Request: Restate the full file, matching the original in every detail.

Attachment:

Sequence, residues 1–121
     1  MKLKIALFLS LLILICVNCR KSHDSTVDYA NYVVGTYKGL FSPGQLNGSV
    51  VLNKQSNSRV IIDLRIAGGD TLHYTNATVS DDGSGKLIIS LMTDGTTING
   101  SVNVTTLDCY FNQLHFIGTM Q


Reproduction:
Sequence, residues 1–121
     1  MKLKIALFLS LLILICVNCR KSHDSTVDYA NYVVGTYKGL FSPGQLNGSV
    51  VLNKQSNSRV IIDLRIAGGD TLHYTNATVS DDGSGKLIIS LMTDGTTING
   101  SVNVTTLDCY FNQLHFIGTM Q